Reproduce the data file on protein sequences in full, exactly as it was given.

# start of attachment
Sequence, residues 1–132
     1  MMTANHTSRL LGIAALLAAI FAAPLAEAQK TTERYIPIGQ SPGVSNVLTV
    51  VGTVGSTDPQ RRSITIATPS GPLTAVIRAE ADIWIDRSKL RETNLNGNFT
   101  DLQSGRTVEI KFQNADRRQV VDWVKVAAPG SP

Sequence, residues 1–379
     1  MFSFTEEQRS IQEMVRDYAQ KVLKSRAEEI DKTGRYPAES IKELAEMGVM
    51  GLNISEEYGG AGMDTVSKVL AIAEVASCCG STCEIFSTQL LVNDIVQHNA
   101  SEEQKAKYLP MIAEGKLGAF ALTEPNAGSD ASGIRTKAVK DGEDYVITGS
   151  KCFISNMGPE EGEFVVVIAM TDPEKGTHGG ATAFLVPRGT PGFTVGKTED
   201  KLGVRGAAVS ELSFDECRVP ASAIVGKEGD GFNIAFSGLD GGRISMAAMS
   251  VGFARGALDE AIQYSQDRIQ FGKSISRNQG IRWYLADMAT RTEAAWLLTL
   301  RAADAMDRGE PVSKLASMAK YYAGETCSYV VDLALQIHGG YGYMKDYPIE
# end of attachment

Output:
Sequence, residues 1–132
     1  MMTANHTSRL LGIAALLAAI FAAPLAEAQK TTERYIPIGQ SPGVSNVLTV
    51  VGTVGSTDPQ RRSITIATPS GPLTAVIRAE ADIWIDRSKL RETNLNGNFT
   101  DLQSGRTVEI KFQNADRRQV VDWVKVAAPG SP

Sequence, residues 1–379
     1  MFSFTEEQRS IQEMVRDYAQ KVLKSRAEEI DKTGRYPAES IKELAEMGVM
    51  GLNISEEYGG AGMDTVSKVL AIAEVASCCG STCEIFSTQL LVNDIVQHNA
   101  SEEQKAKYLP MIAEGKLGAF ALTEPNAGSD ASGIRTKAVK DGEDYVITGS
   151  KCFISNMGPE EGEFVVVIAM TDPEKGTHGG ATAFLVPRGT PGFTVGKTED
   201  KLGVRGAAVS ELSFDECRVP ASAIVGKEGD GFNIAFSGLD GGRISMAAMS
   251  VGFARGALDE AIQYSQDRIQ FGKSISRNQG IRWYLADMAT RTEAAWLLTL
   301  RAADAMDRGE PVSKLASMAK YYAGETCSYV VDLALQIHGG YGYMKDYPIE